This weekend Anne and I had the pleasure of attending Bendigo’s first Writer’s Festival. We signed up weeks earlier upon seeing the line up in the paper. What sane reader or writer would ever miss the opportunity to speak with real life authors and illustrators for less than the cost of the newly re-released hardcover copy of Doug Macleod’s “Sister Madge’s Book of Nuns.”
The value for money at this festival was phenomenal. $40 for a weekend of professional development, guidance, networking and support. Not to mention the chance to participate in refreshing shower of feminism with the mesmerizingly confident queen of the print world Ita Buttrose. Naturally the weekend ending up costing much more than $40 as I quickly found myself on a first name basis with Harry from the temporary Dymocks bookshop who was quite grateful for my attempt to ensure there were no books left to carry back to his car at the end of the day.
My Saturday involvement in the festival kicked off with a session on writing fast and well with the ladies from the Bendigo Writer’s Council. What a terrific opportunity to spend some time writing, sharing and listening. How wonderful it was to hear the diversity of the writing of the other people in my group who were all given the same task as me yet who had completely different styles, approaches and end results. Such a simple thing to do really but we never do make enough time to share our work and listen to the work of others.
One of my highlights for the weekend (and there were many) was the panel of experts with Craig Smith, Glenda Millard, Doug Macleod and Maureen McCarthy. This fantastic line-up of talent was interviewed by the equally talented Jenny Niven. Although I had heard Glenda speak before and didn’t hear most of what Craig said at the start (partly due to the fact that I acquired momentary deafness caused by being completely starstruck and partly due to the fact that I was mentally trying to tap in to the wi-fi connected to each of their brains so I could download their creativity and ideas), I can safely say that each of their stories were highly engrossing and led to a direct negative force on my credit card after the session as I carried on with my mission of saving Harry’s back.
I was completely engaged with every session on Saturday and due to the timetable of events, made the decision to sacrifice the small inconvenient option of having lunch and attend to the much more worthwhile cause of hearing another fantastic author speak. Fortunately for me, the intelligent and well-travelled Alex Miller provided me with a feast of stories and inspiration that no other café option could ever have provided in any case.
I must make a special mention about the poetry workshop on Sunday morning with Emilie Zoey Baker and Kevin Brophy. This was a big highlight for me. Although a poetry lover I had never heard of a poetry slam or performance poetry until Emilie introduced us to it. She read her poem “Spooning” aloud, followed by “Dark Matter” and I immediately felt free to do as she does and to break the rules of poetry. I knew immediately that I could pull my advertisement down from RSVP.com as I no longer needed to search for the perfect poetry for me- I had found it! I wanted to run out of the room and to write what is to be my new style all over the streets and the buildings as Emilie had set me free! Free from conventions! Free from the conventional restraints of writing! (Ok, a little over the top I really just wanted to run out of the room to see if Harry had anything with Emilie’s work in it- turns out Google is the only way). Kevin’s poems were equally as enlightening and inspiring and the ability to pick their brains and hear their thoughts for the following hour and a half was an invaluable opportunity that will no doubt be pinpointed as the start of my obsession for googling poetry slams and free form poetry.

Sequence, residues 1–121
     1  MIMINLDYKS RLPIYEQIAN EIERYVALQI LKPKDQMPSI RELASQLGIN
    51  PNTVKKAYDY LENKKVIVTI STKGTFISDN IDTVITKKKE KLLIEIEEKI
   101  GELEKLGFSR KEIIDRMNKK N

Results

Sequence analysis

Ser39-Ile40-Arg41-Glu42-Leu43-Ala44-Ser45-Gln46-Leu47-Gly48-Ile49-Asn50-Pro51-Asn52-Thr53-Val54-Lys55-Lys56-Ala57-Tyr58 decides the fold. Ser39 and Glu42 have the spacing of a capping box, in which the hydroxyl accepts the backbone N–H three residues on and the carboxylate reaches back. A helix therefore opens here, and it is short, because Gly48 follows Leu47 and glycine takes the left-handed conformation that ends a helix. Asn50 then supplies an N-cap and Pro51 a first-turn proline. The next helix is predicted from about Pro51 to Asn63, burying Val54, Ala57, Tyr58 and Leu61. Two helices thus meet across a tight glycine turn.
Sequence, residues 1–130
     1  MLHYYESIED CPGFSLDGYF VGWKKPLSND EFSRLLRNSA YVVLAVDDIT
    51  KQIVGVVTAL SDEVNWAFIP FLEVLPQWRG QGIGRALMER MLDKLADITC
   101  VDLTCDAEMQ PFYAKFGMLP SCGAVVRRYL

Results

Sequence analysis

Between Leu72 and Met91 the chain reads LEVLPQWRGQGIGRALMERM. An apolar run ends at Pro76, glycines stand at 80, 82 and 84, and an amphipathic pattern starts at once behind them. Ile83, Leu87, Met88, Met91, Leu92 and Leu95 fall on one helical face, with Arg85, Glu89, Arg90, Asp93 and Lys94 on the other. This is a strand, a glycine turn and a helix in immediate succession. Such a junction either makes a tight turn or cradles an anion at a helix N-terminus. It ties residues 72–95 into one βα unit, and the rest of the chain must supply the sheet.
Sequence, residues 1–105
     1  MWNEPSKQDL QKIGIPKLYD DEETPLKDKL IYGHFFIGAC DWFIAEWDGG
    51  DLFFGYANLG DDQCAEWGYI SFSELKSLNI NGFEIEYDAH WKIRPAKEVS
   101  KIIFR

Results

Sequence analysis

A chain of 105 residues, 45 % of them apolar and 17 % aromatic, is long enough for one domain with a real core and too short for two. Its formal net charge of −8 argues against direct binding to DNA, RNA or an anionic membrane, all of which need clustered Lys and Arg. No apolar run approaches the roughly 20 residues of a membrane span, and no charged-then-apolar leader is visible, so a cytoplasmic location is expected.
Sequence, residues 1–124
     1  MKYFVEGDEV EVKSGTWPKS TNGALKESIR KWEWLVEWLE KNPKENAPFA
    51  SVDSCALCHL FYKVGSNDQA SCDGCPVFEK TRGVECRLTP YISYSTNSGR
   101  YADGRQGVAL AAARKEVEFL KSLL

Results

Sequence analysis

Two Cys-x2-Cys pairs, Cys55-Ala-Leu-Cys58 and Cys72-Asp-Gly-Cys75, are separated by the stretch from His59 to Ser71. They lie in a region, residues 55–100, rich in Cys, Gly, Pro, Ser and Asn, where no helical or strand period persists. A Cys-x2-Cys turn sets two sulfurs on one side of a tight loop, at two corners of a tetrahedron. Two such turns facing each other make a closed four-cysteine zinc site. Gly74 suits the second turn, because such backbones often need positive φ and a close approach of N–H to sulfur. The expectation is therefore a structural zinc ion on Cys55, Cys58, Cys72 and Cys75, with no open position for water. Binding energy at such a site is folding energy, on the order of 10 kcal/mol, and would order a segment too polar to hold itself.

There were a number of themes and ideas that seemed to emerge across the festival: Great writers are forever collecting ideas and writing them down, they write EVERY day, they draw a lot of inspiration for their stories from their own lives and they are very well read.
And now, I couldn’t end this review without writing about my major disappointment from the festival: where on earth were all the teachers? The two days of the festival (more so than the Friday afternoon) were by far the most invaluable professional development I have had about the writing process to date. I know all teachers may not want to be writers as I do but surely all teachers of writing have a responsibility to understand and to know the process of writing in order to teach our students effectively. What could be more useful in building your understanding than accessing real life authors- experts in the very thing you are trying to teach! How often do teachers have the opportunity to attend professional development at all these days let alone for the extremely cost efficient sum of $25ish for two whole days of PD! Considering most PD costs in the order of $200+ per day, attending just one session for the whole weekend would still have provided better value for dollar than most commercially available PD days. What are we to think of this lack of teachers at the festival? Does it show that teachers are too focussed on genre studies and undervalue creative writing? Is there a lack of understanding in the teaching community about how knowledge of the process would help teachers improve their ability to teach writing? Was it a lack of advertising in schools?
Overall, a fantastic weekend. One that has encouraged me to start writing every day (Emilie also suggests writing a haiku a day to improve your poetry) and to continue my relationship with Harry through voracious and wide reading. I am already looking forward to the next one and might even try and sneak my way on to the organising committee…